¶3 The defendant's first assignment of error is that the trial court erroneously instructed the jury as to the measure of damages. The court instructed the jury that the measure of plaintiff's damages, if any, was the difference between the fair cash market value of the land prior to pollution, if the same was polluted, and the fair cash market value of the land thereafter. The defendant contends that the proper measure of damages was the loss of use or rental value sustained by the plaintiff to the date of filing the suit because the nuisance, which caused the damage, was abatable, and "a temporary injurious condition will not support a judgment for permanent damage to realty." However, this court has heretofore held that permanent damage can result from a temporary and abatable "injurious condition." Oklahoma City v. Page, 153 Okla. 285, 6 P.2d 1033; Mid-Co Gasoline Co. v. Back, 95 Okla. 29, 217 P. 1041; Commercial Drilling Co. v. Kennedy, 172 Okla. 475, 45 P.2d 534.
¶4 The rule of damages stated by the defendant is a correct rule when applied to the proper factual situation, and has been followed by this court when the damage suffered was temporary and susceptible of being remedied by the expenditure of money or labor. City of Cushing v. High, 73 Okla. 151, 175 P. 229; City of Ardmore v. Orr, 35 Okla. 305, 129 P. 867. But in the instant case the plaintiff sought to recover compensation for permanent damage to his realty. Either the damage or the cause of the damage can be permanent, in the legal sense, or temporary, but the rule of damages applicable in a given case is determined by whether the damage suffered is permanent or temporary rather than whether the cause of the damage is permanent or temporary and susceptible of being remedied and abated. Oklahoma City v. Page, supra; Oklahoma City v. West, 155 Okla. 63, 7 P.2d 888; Herwig v. City of Guthrie, 182 Okla. 599, 78 P.2d 793; Mid-Co Gasoline Co. v. Back, supra; Commercial Drilling Co. v. Kennedy, supra, Consequently, the trial court did not err in its instruction to the jury on the measure of damages.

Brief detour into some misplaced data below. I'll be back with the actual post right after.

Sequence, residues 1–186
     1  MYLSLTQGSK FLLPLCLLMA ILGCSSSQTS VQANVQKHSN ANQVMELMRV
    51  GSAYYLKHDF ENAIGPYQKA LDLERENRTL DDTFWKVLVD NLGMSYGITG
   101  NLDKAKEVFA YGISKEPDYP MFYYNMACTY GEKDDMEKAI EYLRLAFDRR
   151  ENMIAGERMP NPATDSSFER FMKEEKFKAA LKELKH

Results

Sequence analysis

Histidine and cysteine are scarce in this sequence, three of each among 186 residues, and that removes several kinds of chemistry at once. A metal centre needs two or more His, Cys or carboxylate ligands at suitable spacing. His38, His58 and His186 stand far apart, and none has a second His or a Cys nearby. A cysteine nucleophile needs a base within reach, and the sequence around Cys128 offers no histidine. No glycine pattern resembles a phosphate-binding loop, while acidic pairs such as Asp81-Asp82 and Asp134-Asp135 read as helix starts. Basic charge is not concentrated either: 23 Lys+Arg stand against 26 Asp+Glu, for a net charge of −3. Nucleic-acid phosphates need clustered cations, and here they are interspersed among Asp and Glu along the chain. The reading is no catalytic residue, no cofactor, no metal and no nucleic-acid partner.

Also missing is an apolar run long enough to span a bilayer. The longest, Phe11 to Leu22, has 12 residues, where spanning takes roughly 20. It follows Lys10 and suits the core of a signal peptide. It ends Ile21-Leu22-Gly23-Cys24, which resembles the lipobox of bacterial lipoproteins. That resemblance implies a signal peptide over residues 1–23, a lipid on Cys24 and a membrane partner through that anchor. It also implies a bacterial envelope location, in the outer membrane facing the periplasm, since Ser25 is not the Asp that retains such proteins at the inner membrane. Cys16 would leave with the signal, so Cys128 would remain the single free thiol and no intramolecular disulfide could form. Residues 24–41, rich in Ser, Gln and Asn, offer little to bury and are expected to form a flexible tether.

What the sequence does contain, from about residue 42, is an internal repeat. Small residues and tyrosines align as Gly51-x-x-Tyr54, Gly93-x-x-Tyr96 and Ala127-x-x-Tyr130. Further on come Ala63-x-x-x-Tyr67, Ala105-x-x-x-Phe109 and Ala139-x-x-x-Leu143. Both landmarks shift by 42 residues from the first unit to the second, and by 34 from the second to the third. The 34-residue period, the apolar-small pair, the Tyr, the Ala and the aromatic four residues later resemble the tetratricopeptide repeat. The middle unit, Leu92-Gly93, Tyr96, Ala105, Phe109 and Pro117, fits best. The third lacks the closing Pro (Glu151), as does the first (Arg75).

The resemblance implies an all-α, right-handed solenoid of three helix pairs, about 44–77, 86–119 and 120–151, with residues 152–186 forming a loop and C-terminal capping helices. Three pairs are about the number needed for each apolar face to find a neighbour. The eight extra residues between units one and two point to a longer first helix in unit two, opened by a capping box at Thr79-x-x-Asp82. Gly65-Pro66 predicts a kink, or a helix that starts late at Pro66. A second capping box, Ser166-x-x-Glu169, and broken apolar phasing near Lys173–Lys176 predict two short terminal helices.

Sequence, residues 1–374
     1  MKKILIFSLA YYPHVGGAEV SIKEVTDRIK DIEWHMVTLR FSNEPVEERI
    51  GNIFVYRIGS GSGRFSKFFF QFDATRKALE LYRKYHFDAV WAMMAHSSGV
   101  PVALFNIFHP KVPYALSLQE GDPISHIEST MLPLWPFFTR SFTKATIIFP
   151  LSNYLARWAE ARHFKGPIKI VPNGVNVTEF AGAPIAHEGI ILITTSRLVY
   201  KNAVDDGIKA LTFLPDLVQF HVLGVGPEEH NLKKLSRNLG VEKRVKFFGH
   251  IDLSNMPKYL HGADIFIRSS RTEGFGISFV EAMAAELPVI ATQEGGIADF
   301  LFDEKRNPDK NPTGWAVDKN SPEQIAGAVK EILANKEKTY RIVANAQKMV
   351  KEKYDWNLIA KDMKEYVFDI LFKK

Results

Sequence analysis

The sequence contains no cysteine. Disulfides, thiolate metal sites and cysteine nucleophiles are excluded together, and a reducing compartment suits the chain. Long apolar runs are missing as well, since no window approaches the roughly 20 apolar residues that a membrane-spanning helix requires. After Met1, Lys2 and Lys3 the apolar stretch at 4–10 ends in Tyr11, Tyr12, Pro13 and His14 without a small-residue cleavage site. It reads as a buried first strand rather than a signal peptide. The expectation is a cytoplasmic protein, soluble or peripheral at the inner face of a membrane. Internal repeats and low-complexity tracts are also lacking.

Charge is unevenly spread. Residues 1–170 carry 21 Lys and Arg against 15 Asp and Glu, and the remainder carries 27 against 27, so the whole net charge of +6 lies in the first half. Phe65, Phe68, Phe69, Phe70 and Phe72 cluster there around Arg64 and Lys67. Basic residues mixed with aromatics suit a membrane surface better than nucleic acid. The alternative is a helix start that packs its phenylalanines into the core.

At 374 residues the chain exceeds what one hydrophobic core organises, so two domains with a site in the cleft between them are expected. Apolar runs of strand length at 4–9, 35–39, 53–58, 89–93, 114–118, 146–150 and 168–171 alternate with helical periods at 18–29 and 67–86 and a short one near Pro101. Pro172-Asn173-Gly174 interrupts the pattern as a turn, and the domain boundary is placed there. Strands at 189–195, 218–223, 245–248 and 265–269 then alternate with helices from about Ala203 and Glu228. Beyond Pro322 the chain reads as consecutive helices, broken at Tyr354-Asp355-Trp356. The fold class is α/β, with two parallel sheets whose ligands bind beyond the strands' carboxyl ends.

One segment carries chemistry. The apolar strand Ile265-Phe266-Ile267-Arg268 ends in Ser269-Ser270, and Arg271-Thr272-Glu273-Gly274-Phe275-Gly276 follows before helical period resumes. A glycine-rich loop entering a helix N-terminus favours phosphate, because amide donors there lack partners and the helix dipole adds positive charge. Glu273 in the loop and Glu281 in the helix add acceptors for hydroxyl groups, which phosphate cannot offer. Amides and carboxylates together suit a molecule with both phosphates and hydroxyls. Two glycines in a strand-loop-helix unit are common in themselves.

¶5 Defendant also contends that the verdict of the jury was excessive, but from a careful examination of the record herein it does not appear that the jury committed any gross and palpable error, or acted under improper bias, influence or prejudice, or totally ignored the rule of law by which damages were to be determined. Unless one of these factors appears, this court will not set aside a verdict because of excessive damages. O. G. & E. Co. v. Oliphant, 172 Okla. 635, 45 P.2d 1077; Ponca City v. Reed, 115 Okla. 166, 242 P. 164.
¶6 Defendant further insists that the "trial court committed reversible error in permitting plaintiff's witness, Vance, to testify as to the difference in the value of the land involved before and after the alleged injury." Vance testified as to the value of the land after pollution, but stated that he had not been upon said land since the damage occurred; consequently, he was not qualified to testify as to this, and his testimony should have been excluded, but in the light of the other testimony we fail to find wherein it affirmatively appears that any substantial right of the defendant was prejudiced. Sautbine v. C. I. T. Corp., 172 Okla. 526, 45 P.2d 764; Fixico v. Harmon, 180 Okla. 412, 70 P.2d 114. Vance's testimony was merely cumulative on the question of damages, since four other witnesses for the plaintiff had testified as to the depreciation in value of the land involved. In fact Vance placed a higher valuation on the land subsequent to the pollution than any other witness for the plaintiff.
¶7 As to defendant's other assignments of error, there is a serious conflict of testimony, but an examination of the record discloses competent evidence reasonably tending to support the finding of the jury, and, that being true, this court will not disturb the verdict on appeal. Devonian Oil Corp. v. Hurt., 169 Okla. 114, 36 P.2d 24.
¶8 The judgment of the trial court is affirmed.